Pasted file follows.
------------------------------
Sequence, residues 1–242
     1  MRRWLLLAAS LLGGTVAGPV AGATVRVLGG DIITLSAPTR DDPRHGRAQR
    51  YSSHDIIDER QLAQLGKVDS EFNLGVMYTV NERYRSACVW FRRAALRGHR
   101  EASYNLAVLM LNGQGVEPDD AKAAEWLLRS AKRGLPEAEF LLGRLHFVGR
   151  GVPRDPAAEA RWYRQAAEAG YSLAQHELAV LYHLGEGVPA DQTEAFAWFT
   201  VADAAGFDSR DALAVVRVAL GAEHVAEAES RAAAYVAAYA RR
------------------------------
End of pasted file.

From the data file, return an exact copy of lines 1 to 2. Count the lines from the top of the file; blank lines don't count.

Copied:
Sequence, residues 1–242
     1  MRRWLLLAAS LLGGTVAGPV AGATVRVLGG DIITLSAPTR DDPRHGRAQR